Ramadan is around the corner. It has been customary for governments to give amnesty to political prisoners to mark the holiday. The United Arab Emirates should take this opportunity to release Ahmed Mansoor, a digital activist and human rights advocate who, six weeks into a hunger strike, is in dire condition.
The United Arab Emirates, the consortium of seven city-states that includes Dubai and Abu Dhabi, boasts a Ministry of Tolerance but can’t tolerate true independent voices.
The Emirates have cultivated a better international reputation than they deserve as relative liberals in the Middle East. In the past two decades, Dubai has transformed itself into a celebrated business hub and a diverse global city. It attracts major businesses and hordes of tourists, major cultural institutions and branches of international universities and art museums.
All of those passing through the Gulf metropolis, however, should implicitly recognize that there is no rule of law there. A person can be snatched off the street arbitrarily and stripped of their rights. It’s happened to Mansoor as well as the Saudi women’s rights activist Loujain Al-Hathloul.
Mansoor, 49, founded an early web forum for Emiratis and Arabs and has since been a target. Throughout a decade of harassment, physical abuse, and arbitrary detention, he bravely spoke out about human rights abuses in the United Arab Emirates. He was a lone voice in a country where organizers and dissenters have been co-opted or silenced. In the process, Mansoor’s bank account was mysteriously emptied of $140,000, vicious Israeli spyware was sent to his phone, and his child’s baby monitor was hacked.
“I continued my activities regardless of what happened because my principles are deeper than what they think,” Mansoor told me in 2016.
But a year later, Emirati authorities arrested him in the middle of the night from his home in the Emirate of Ajman, taking him away from his wife and four children. During a year of pretrial detention, he was not allowed access to legal representation. In May 2018, he was convicted of insulting “the status and prestige of the UAE and its symbols” and spreading “fake news,” receiving a ten-year sentence. He has since been held in solitary confinement. His conditions are unbearable—his cell has no bed or sink—which are among the reasons why Mansoor is staging a hunger strike.
Mohamed bin Zayed (MbZ), the crown prince of Abu Dhabi and de facto leader of the Emirates, is considered a strategic mastermind. Why is he afraid of one online organizer?
“There is no willingness from the ruling family for any political reform,” Mansoor told me on Skype three years ago. “That’s the red line for them. It’s an existential threat to them … They are running the whole country, and they are not accountable for anything they do.”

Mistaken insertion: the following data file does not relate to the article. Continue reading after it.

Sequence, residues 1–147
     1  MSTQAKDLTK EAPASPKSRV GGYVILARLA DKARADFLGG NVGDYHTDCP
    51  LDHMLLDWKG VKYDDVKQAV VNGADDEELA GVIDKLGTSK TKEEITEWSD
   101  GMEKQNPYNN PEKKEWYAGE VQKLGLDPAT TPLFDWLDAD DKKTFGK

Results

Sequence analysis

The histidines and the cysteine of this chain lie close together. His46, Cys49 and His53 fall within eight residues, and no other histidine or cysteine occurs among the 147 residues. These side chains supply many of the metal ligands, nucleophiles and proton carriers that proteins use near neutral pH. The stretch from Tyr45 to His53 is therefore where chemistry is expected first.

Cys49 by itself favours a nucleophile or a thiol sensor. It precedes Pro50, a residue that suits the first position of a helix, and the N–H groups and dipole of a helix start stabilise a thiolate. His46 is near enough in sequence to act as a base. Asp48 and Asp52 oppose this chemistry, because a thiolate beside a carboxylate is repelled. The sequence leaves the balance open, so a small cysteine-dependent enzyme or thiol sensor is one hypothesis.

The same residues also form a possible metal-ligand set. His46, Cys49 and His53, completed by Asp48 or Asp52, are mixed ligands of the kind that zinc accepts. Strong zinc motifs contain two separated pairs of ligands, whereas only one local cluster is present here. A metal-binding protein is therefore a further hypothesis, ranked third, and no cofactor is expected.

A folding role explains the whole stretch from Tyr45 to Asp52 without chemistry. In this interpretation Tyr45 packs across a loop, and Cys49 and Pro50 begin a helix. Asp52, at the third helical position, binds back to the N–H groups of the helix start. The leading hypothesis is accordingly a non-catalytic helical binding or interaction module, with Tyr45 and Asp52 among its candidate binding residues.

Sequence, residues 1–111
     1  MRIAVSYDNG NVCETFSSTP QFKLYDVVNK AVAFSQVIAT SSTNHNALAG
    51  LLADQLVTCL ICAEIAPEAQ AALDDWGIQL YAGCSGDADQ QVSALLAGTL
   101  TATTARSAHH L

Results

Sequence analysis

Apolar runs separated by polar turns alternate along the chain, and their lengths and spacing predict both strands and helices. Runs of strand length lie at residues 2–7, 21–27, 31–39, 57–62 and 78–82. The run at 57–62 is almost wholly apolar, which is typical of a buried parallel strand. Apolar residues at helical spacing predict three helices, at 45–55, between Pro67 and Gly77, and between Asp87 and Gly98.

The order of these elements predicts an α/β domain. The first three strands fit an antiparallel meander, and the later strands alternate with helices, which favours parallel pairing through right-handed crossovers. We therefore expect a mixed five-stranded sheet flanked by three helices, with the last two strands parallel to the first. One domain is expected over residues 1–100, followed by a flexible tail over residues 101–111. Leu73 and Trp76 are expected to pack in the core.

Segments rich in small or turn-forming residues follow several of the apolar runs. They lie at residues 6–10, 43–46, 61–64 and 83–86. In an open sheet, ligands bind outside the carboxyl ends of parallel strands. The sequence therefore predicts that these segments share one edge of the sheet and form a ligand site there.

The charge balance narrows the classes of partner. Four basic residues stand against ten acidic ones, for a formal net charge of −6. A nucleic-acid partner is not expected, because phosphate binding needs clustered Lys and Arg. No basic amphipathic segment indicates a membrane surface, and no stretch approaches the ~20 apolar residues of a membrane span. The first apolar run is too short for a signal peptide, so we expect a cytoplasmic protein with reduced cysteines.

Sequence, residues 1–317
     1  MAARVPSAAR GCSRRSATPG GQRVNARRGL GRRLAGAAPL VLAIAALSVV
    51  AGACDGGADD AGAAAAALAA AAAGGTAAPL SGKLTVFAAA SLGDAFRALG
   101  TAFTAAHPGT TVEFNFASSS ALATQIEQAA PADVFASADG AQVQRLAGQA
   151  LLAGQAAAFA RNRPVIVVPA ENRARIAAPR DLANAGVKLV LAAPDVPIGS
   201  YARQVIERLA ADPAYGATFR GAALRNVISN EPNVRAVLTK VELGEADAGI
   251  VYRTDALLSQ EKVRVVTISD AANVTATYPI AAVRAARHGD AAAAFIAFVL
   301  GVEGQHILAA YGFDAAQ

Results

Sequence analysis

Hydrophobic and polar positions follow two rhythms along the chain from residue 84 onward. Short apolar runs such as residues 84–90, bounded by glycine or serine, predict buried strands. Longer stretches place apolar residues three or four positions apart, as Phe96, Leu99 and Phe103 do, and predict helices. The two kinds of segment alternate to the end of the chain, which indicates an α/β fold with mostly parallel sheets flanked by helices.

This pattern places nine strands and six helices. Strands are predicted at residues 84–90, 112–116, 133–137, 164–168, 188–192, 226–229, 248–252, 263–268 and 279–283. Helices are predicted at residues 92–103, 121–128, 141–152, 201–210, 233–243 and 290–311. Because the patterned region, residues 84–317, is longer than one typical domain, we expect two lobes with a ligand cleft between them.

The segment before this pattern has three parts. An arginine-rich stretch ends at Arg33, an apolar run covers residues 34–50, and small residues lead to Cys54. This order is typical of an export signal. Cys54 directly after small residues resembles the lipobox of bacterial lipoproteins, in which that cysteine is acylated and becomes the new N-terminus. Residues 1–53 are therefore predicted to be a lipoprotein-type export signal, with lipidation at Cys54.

“The UAE is living in its darkest ages considering human rights in general,” he noted, describing the state’s use of forced disappearances, torture, and black sites.
Few others in the Emirates had been willing to stake out such a bold position, and even fewer have been willing to publicly advocate for his freedom.
“I’m quite saddened to hear about what’s happening to Ahmed,” one Emirati wrote me, declining to be identified because of the risks associated with speaking out.
Mansoor has already served about two years of his ten-year sentence. Neither attorneys nor diplomats have been allowed to attend his hearings.
“We believe no one anywhere should be prosecuted or imprisoned for exercising their human rights or fundamental freedoms, including the freedom of expression,” a State Department official wrote by email. “We continue to strongly urge all nations to abide by international obligations and commitments to respect human rights.”
“We have followed Ahmed Mansoor’s case, as documented in the Human Rights Report,” the official added. The 2018 Human Rights Report detailed Mansoor’s lack of due process, his lengthy pretrial detention, and his being held in solitary confinement.
But when Secretary of State Mike Pompeo visited Abu Dhabi in January, he piled praise upon the Emirates; he did not publicly mention Mansoor’s case or any human rights issues in the UAE. Washington’s relations with the Emirates, already a powerhouse in the Washington Middle East circuit, have grown especially tight under President Trump. The UAE imports billions of dollars of American weapons and has been a leading force in the heinous war on Yemen.
Yet for all of MbZ’s high-profile meetings with U.S. officials, little is said about internal dynamics in the country. Emirati authorities have been remarkably efficient in their crackdown, while sustaining in the international media and popular culture a sunny narrative of progress in the country. The UAE’s embassy in Washington did not immediately respond to a request for comment.
“There are no activists, there are no NGOs” in the Emirates, said Kristina Stockwood, the fundraising manager at the Gulf Centre for Human Rights. “Every known human rights defender we’ve ever worked with in the Emirates is in prison.”
Mansoor serves as an advisory board member of the center. “We would say half-jokingly to Ahmed, what will we do when you are arrested?” Stockwood told me. “Who will give us the information about your trial and imprisonment?”
Now that job falls upon those of us who have depended on Mansoor’s work. As he told me in 2016: “To me, if human rights and freedom do not exist in a place, everything else is … of no importance.”